A group of Coromandel residents are making a last-ditch attempt to raise awareness about Waikawau Bay's breathtaking coastal landscape before a nine-house development goes up.

The Save Waikawau Bay group says the first it knew about a development overlooking the south side of the beach was when earthworks began on the site in February.

Member Stephanie McKee, who has lived in the area for 40 years, said Waikawau Bay was one of the few natural coastlines left and needed to be protected. Thames Coromandel District Council confirmed the consent for nine residential lots, ranging from 1.08 to 2.89ha and a 2000sq m platform, was issued in December 2013. The applicant was Kamara Whenua, whose sole director is Kaye Rabarts.

Mrs Rabarts' lawyer, Brenda Flay, said the developer had no comment to make - other than to say that "due process was followed".

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Mrs McKee said the consent should have been notified because of the major impact it poses on the wildlife and landscape.

"The reason the planner said there's no reason to notify this is there are no special circumstances, and that doesn't ring true, and that the environmental impacts will be 'less than minor'. Those two things kind of stood out as being not correct."

Previous attempts to develop the area into a resort town and a 10-house development with golf course over the past 50 years had failed, she said. The latest attempt in 2003 was stopped by the Nature Heritage Fund purchasing 150ha of land at the north end of Waikawau Bay.

Stephanie McKee has lived in the area for 40 years. Photo / Alan Gibson
Stephanie McKee has lived in the area for 40 years. Photo / Alan Gibson

Council development planning manager Michael Jones said the application was not publicly notified following careful consideration. The application was processed as a controlled activity within the structure plan and was assessed as part of a residential development. Under this process, no assessment against key coastal landscapes is required.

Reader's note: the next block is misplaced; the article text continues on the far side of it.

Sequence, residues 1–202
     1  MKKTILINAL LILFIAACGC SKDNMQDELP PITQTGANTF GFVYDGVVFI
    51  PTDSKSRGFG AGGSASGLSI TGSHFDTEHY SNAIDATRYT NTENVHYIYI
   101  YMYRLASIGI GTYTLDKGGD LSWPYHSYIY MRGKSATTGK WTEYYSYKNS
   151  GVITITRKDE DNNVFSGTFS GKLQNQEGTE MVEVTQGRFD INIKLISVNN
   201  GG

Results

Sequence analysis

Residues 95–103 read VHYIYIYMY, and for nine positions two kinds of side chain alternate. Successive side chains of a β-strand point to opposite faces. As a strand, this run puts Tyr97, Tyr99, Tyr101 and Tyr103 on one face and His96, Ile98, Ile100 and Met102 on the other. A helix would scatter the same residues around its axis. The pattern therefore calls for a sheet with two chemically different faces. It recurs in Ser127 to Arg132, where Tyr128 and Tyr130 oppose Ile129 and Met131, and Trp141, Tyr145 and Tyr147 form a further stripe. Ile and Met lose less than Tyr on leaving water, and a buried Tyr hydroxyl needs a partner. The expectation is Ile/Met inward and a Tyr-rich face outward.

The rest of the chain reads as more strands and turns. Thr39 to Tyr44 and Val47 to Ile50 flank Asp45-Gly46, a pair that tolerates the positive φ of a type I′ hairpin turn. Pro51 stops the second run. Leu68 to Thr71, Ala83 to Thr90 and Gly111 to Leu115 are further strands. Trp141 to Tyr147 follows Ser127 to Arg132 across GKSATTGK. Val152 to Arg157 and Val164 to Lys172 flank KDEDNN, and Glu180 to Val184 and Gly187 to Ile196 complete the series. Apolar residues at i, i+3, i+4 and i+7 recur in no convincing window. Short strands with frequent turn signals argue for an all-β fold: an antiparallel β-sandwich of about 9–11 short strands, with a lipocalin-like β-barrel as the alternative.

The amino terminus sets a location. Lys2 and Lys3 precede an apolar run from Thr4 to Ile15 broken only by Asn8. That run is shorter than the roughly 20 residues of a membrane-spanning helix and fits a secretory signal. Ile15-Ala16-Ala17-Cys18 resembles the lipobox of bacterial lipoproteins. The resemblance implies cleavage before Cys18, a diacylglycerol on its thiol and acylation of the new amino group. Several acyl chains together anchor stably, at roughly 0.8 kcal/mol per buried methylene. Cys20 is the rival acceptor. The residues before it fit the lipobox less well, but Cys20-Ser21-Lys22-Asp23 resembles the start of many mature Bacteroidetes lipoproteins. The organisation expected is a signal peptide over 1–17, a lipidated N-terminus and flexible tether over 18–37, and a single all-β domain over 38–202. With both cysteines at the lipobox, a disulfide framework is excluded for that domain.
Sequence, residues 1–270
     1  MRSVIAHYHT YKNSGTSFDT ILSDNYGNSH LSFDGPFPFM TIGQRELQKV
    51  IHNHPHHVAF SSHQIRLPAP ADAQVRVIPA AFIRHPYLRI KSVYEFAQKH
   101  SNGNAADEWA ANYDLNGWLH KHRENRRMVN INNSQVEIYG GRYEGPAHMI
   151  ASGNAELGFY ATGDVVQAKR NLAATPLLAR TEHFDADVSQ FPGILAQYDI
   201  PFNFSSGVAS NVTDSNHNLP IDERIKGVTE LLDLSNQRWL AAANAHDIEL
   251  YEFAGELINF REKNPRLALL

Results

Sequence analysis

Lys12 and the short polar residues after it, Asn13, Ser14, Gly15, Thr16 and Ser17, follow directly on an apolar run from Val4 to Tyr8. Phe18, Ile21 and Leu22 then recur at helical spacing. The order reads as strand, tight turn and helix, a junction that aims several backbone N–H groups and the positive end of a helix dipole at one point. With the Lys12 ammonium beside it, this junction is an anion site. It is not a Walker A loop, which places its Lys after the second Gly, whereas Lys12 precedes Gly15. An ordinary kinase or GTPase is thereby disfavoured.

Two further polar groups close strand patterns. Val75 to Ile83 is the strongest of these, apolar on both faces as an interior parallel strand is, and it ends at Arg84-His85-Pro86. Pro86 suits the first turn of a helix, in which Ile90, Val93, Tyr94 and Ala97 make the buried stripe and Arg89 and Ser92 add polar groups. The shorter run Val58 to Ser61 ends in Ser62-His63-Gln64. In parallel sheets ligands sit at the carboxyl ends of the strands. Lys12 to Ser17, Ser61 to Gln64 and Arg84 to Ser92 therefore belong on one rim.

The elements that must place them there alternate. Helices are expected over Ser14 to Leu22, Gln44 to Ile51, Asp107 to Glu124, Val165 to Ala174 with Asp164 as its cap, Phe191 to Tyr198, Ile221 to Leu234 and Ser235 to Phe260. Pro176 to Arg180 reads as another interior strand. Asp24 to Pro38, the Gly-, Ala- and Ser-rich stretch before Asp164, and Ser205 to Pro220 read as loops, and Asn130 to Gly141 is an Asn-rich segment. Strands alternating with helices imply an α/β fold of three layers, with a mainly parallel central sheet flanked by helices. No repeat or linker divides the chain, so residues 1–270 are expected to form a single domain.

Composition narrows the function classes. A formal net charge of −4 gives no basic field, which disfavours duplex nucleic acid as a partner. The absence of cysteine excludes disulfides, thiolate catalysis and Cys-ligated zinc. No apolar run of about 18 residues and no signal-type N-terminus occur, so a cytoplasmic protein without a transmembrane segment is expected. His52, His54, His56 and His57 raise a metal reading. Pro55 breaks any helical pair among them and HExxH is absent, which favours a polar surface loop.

Mr Jones said the next step open to residents was to take proceedings in the High Court for a judicial review of the decision.

Waikato Regional Council incident response team leader Derek Hartley said the council had investigated concerns raised from members of the public about the earthworks on the site and found it did not breach either the council's regional plan rules or its coastal plan rules aimed at managing the allocation and use of coastal resource.

Coromandel MP Scott Simpson believed the consent had been granted in line with council's rules and said it was "not what you would call intrusive urban development".

"It's a very beautiful part of the peninsula, it's magnificent and environmentally significant. That said it is private property and the property owners have every right as long as they meet the district plan and requirements to develop their land as long as they meet the rules."

Save Waikawau Bay is holding a public event tomorrow at 12pm to celebrate the bay and draw attention to its beauty. American earthscape artist Andres Amador will create a large-scale carving on the sand.

A photo of the artwork will be taken by a drone before it is washed away.